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A Eisenman, V Rusetski, D Avital, J Stolero, T Snitkovsky
Correspondence: Dr Arie Eisenman, email@example.com
Introduction Cardiac-specific troponins (cTn) are recently-introduced, sensitive and specific markers of myocardial injury, and their absence should allow to safely exclude a coronary event. Various assays are commercially available but the relative advantage of each is not clear. Our objective was to compare the reliability of the two most commonly used troponin assays (cTnI and cTnT), in the emergency department (ED) for clinical decision when myocardial infarction (MI) or acute coronary syndrome (ACS) is suspected.
Methods This prospective study included all patients arriving at the ED over a six-month period with chest pain or symptoms suggesting MI or ACS, in which diagnosis could not be confirmed due to absence of characteristic ECG features. All patients were tested with at least one of the two troponin assays available at the ED.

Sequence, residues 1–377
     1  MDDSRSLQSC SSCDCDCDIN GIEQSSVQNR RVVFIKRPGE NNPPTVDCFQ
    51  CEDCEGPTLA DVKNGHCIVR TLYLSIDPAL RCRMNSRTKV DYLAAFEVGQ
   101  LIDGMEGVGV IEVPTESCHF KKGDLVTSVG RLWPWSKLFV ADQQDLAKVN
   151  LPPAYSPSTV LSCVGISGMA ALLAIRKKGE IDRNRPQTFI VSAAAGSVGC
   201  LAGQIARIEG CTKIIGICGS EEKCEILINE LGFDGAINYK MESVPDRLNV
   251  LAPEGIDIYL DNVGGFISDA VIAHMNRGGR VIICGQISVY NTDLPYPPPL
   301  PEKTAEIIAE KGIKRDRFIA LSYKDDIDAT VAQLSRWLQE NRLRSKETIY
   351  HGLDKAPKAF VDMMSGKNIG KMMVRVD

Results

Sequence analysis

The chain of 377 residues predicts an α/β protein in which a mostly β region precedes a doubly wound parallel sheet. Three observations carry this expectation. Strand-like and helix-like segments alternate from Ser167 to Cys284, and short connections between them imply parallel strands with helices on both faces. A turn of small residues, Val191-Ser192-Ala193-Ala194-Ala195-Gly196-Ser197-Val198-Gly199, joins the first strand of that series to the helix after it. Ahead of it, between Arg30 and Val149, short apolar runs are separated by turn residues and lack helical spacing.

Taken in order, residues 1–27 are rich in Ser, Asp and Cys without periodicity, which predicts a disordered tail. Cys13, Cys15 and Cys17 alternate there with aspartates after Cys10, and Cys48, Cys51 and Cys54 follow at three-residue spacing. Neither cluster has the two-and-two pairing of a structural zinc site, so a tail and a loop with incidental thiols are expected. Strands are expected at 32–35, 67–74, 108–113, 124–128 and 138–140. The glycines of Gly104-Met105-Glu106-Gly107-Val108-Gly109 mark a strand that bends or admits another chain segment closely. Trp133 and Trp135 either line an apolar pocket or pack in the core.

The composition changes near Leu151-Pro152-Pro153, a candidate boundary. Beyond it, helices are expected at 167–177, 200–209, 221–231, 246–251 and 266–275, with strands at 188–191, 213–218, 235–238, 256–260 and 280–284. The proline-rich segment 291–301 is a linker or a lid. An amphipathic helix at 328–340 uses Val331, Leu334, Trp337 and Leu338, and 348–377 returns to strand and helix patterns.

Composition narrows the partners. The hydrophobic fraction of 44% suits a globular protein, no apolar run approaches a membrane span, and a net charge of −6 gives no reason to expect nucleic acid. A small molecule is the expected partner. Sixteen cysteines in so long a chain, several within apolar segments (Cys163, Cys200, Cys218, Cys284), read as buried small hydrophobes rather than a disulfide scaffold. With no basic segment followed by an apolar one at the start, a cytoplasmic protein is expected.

Results Of the 54 included patients, ten (19%) were eventually diagnosed with MI/ACS. Qualitative assays for cTnI and cTnT identified the MI/ACS patients by both assays (respective positive predictive values of 0.5 and 0.7, and negative predictive values of 1.0 and 0.9). However, these assays were only partially correlated (R equals 0.49) and differed significantly. The quantitative assay for cTnI, but not for cTnT, discerned those who had MI/ACS (group A) from those who had other condition (group B) by their troponin levels (MI/ACS - 17.2 plus or minus 23.8 ng/ml versus others - 0.37 plus or minus 0.91 ng/ml, p is less than 0.001).
Conclusion In the ED, bedside assays of troponins are invaluable tools for the clinician, and their use is cost-effective. However, in the recommended cutoffs levels, only troponin I but not troponin T allowed the safe discharge of patients not requiring acute hospital care.
Keywords: acute coronary syndrome, myocardial infarction, troponin I, troponin T
Singapore Med J 2005; 46(7): 325-327